PHIL PONCE: James Lilley, did one side get more out of the exchange than the other?
JAMES LILLEY: Well, I think probably the Chinese came out somewhat ahead.
PHIL PONCE: How so?
JAMES LILLEY: Well, they actually got Clinton to buy on to what their position on Taiwan. They moved him on it. But they also gave him a chance to talk to the Chinese people.
PHIL PONCE: And that was the trade-off.
JAMES LILLEY: This was the trade-off. But let me just make one more point. If you talk about success and you say that the leaders are happy, therefore, there must have been accomplishments, I can tell you these things work on two levels. First of all, both leaders wanted a success and the propaganda organs on both sides, the spin meisters in the White House, and the Communist Party's propaganda apparatus went out and made it a success. Underneath, when they started dealing with issues, there were good, hard strokes between the two sides. The Chinese were not going to give on proliferation unless we linked it to armed sales to Taiwan. The Chinese were very, very tough on theater missile defense, absolutely not. It will not be deployed in East Asia, although they had fired missiles in 1996. They laid down a lot of tough markers, and I think that we've got a lot of work to do still, and I think that we've got a lot of work to do still, and I don't think you should look at the two leaders smiling and patting each other on the back and saying this is a successful mission.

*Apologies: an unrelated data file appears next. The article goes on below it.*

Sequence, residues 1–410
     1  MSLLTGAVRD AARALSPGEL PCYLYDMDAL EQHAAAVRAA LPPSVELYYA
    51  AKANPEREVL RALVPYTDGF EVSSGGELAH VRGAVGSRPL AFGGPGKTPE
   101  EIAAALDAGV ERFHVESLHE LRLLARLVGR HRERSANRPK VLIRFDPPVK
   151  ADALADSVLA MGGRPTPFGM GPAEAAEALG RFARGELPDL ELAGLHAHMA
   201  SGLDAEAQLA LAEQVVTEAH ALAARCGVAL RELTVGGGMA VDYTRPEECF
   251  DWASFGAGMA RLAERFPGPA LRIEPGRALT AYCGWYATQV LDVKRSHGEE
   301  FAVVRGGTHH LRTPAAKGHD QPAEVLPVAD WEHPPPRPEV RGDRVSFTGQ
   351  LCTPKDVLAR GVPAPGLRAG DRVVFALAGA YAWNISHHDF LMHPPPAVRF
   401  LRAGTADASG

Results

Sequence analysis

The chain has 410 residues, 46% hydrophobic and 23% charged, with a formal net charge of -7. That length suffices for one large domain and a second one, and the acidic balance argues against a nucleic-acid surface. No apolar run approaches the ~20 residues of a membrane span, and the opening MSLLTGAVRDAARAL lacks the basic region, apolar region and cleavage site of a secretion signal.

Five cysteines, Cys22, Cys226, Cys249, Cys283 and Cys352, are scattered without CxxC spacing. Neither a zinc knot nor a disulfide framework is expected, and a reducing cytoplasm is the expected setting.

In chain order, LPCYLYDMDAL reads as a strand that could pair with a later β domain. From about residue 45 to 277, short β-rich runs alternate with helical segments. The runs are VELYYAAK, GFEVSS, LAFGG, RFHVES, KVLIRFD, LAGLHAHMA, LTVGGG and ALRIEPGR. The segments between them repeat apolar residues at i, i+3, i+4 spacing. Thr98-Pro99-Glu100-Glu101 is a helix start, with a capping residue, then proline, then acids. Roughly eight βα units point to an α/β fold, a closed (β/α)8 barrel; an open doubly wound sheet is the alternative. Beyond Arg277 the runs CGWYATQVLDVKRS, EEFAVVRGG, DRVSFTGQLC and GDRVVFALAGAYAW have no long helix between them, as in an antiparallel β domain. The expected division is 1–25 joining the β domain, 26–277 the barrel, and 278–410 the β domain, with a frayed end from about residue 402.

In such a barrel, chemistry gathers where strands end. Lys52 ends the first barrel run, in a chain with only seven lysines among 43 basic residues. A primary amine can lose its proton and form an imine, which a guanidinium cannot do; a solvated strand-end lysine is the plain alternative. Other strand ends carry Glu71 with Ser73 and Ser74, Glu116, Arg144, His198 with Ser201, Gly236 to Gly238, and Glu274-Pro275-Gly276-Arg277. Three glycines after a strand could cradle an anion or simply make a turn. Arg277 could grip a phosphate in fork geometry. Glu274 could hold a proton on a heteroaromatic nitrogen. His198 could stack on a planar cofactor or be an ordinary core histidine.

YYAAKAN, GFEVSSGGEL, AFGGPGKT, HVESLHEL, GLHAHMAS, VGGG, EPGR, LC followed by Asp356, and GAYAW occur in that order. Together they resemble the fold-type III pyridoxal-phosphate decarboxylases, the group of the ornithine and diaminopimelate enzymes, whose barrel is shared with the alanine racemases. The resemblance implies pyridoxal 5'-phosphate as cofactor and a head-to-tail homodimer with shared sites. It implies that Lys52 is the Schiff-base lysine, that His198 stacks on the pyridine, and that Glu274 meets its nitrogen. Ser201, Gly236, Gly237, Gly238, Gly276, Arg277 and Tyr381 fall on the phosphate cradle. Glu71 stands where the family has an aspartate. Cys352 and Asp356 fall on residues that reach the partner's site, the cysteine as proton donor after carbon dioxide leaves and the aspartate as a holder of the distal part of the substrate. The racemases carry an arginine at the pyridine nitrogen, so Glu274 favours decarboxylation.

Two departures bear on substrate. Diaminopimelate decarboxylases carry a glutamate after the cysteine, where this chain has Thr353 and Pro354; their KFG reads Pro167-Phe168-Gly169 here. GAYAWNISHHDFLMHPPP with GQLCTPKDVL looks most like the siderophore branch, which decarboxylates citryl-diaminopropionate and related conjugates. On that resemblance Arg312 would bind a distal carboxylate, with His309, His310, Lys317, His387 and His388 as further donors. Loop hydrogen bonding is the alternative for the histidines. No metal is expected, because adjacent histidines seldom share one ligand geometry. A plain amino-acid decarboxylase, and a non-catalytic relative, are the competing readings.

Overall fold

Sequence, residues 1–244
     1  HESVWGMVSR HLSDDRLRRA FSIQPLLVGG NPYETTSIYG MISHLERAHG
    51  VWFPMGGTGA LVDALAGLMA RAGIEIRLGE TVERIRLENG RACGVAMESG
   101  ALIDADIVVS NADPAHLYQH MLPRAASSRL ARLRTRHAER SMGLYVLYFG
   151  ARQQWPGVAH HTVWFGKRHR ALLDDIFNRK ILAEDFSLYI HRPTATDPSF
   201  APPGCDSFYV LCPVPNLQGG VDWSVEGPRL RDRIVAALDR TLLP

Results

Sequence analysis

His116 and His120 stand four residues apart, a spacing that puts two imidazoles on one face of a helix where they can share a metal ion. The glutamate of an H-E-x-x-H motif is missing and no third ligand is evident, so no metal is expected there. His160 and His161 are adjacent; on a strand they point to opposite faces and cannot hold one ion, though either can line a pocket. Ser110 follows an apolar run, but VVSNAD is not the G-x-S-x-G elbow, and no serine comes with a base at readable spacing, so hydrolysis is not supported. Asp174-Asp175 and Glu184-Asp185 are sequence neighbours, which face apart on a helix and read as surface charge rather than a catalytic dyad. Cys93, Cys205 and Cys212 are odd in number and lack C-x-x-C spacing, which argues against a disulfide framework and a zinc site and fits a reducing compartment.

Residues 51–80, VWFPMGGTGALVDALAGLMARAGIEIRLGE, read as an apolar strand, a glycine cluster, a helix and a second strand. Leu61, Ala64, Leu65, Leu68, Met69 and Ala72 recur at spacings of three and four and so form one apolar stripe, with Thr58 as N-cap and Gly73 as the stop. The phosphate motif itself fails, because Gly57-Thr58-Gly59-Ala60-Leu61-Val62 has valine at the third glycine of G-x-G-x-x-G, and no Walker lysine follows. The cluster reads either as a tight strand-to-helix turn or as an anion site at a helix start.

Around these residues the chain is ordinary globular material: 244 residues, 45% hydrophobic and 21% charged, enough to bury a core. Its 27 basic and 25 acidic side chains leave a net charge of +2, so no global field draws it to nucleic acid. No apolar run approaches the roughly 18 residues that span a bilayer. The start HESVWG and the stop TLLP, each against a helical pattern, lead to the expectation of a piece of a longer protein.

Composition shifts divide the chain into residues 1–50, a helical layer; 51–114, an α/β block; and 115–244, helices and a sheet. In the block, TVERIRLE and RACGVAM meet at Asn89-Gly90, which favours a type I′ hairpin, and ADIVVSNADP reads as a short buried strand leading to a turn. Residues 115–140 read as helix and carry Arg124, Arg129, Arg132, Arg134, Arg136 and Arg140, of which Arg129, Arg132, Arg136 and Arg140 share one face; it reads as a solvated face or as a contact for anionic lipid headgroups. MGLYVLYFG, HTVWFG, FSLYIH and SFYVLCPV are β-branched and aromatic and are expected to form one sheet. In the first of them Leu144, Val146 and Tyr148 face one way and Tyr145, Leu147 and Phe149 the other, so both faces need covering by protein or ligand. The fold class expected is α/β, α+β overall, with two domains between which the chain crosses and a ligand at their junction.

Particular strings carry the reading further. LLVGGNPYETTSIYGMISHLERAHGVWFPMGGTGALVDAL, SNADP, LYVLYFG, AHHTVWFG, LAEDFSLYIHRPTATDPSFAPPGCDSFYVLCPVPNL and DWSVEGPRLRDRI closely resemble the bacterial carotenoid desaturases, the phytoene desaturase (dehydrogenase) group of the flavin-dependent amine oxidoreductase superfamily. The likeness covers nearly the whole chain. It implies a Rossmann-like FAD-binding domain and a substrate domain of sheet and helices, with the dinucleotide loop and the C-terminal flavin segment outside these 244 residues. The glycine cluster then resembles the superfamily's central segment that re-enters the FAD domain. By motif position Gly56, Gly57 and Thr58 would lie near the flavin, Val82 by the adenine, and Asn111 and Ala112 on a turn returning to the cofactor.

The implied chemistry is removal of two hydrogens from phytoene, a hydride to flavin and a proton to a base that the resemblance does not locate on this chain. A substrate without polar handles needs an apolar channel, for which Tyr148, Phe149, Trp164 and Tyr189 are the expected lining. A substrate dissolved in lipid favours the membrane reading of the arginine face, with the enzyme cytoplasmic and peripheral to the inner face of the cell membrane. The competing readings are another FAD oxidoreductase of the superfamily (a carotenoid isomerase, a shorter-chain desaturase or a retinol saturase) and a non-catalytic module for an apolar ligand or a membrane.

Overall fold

PHIL PONCE: John Holdridge, following--